Tony nominations: 4 — Best Play; Best Performance by a Featured Actor in a Play (Reed Birney); Best Performance by a Featured Actress in a Play (Mare Winningham); and Best Costume Design of a Play (Rita Ryack)
Odds on winning: It’s a long shot.
Mare Winningham on playing Rita, the wife of one cross-dresser and den mother to the group: “It’s a real special experience to be involved in a new play. And the fact that it’s Harvey [Fierstein], who specializes in putting a spotlight on marginalized people. And who knew that there were heterosexual cross-dressing communities? I just didn’t know such a thing existed. And Harvey has unfolded this story where these beautiful men want to be women, and Joe Mantello has assembled this cast of mega-talented actors who spent five weeks just finding their inner woman and bringing it out, and so for me to be, as Harvey says, the ‘G.G.,’ the genetic girl, the genuine girl, and to be someone who the audience kind of comes to the play because she’s sort of their eyes…it’s a special place to be.”
NEXT: Mothers and Sons
Mothers and Sons
Opened: March 24, 2014
Starring: Tyne Daly, Frederick Weller, Bobby Steggert, Grayson Taylor
Directed by: Sheryl Kaller
Written by: Terrence McNally
Synopsis: A mother (Daly) pays a surprise visit to the ex-partner (Weller) of her late son, who is now married to another man (Steggert) and has a young son (Taylor). Challenged to face how society has changed, she finally sees the life her son could have experienced.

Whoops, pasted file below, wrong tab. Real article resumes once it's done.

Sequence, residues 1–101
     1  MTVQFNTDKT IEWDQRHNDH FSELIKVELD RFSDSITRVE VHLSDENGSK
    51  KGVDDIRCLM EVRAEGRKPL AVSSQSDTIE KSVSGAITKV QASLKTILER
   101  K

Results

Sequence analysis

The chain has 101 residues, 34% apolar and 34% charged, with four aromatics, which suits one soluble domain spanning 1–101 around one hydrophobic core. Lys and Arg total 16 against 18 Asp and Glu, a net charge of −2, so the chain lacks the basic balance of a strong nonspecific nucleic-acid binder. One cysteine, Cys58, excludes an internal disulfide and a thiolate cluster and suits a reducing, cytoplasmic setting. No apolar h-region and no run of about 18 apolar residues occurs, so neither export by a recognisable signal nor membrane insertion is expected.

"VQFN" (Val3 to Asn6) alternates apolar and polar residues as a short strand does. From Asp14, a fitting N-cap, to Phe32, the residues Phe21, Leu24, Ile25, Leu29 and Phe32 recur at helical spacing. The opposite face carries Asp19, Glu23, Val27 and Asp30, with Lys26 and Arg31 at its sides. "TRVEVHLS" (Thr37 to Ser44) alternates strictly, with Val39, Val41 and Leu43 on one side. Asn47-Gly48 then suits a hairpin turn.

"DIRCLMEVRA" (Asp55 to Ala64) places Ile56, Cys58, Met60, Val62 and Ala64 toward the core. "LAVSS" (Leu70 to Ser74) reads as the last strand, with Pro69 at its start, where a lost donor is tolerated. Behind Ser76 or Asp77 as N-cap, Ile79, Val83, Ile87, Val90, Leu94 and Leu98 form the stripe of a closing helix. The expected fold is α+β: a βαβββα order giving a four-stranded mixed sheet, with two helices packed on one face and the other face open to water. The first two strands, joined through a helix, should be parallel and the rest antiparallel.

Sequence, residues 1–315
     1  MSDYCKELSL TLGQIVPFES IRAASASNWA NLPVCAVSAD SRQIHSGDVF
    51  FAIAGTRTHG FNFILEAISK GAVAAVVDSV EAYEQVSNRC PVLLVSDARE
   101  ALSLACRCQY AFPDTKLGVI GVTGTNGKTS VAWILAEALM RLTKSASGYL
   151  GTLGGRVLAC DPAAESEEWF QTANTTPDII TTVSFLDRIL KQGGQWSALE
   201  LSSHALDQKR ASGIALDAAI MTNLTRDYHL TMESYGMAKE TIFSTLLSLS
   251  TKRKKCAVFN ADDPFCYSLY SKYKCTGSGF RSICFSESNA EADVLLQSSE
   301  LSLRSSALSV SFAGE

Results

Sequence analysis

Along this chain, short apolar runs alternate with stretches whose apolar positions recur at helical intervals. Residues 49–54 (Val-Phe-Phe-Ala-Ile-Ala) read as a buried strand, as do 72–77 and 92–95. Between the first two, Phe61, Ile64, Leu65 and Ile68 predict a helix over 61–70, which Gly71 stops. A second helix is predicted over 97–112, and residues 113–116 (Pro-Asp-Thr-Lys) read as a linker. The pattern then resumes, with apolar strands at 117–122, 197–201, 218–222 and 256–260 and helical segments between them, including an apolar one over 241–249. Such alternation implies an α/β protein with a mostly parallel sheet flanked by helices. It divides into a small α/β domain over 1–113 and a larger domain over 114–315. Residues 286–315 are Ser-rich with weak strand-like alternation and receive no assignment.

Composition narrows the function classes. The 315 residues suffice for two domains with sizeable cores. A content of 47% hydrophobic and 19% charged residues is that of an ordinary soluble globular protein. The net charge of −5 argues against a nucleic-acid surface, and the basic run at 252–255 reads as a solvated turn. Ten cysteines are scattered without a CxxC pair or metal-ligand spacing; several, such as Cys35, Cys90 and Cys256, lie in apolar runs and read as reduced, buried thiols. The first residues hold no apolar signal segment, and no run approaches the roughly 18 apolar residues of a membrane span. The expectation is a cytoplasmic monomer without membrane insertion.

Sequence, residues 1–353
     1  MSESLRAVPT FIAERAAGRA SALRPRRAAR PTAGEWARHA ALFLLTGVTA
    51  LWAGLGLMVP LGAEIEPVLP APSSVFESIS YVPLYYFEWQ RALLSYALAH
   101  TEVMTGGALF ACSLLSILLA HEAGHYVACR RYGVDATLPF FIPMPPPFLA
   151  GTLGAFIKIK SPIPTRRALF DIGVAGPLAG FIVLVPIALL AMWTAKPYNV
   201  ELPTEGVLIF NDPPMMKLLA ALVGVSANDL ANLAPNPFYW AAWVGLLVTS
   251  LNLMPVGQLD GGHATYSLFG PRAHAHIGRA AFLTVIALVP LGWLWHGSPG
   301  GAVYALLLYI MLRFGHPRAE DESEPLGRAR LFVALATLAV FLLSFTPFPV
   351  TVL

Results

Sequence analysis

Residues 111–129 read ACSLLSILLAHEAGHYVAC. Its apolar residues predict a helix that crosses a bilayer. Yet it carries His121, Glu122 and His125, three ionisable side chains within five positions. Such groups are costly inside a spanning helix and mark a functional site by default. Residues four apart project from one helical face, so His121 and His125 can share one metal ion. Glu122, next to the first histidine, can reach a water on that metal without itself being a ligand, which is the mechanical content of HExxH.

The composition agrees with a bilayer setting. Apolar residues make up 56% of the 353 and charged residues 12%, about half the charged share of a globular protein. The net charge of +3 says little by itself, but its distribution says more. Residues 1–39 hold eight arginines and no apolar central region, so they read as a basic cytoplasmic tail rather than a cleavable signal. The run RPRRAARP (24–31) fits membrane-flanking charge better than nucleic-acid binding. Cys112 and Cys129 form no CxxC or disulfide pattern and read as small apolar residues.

EW’s review: “After Terrence McNally’s last two comic misfires — the theatrical homage And Away We Go and the opera ode Golden Age — it’s a pleasure to see the playwright return to form (and to Broadway) with his intimate portrait of a modern family.” B –Melissa Rose Bernardo
Tony nominations: 2 — Best Play and Best Performance by a Leading Actress in a Play (Tyne Daly)
Odds on winning: A long shot.
NEXT: Outside Mullingar
Opened: Jan. 23, 2014
Closed: March 16, 2014
Starring: Brian F. O’Byrne, Debra Messing, Dearbhla Molloy, Peter Maloney
Directed by: Doug Hughes
Written by: John Patrick Shanley
Synopsis: Introverted misfits Anthony (O’Bryne) and Rosemary (Messing) are pushing 40. Anthony has lived his entire life on a cattle farm in rural Ireland with next-door neighbor Rosemary pining for him for years. She vows to create a connection between them despite the land feuds that loom between their families.
EW review: “Messing acquits herself well in her Broadway debut. Though she seems ill at ease through the first half of the show, too aware of the audience and of the effort to keep up her accent, she settles in toward the end when she’s able to deploy her gifts for physical comedy honed on eight seasons of Will & Grace. O’Byrne, a Shanley veteran who originated the priest role in his 2004 play Doubt, is on surer footing throughout, with a soulfulness borne of a thousand petty (and not so petty) slights.” B –Thom Geier
Tony nominations: 1 — Best Play
Odds on winning: A distant long shot.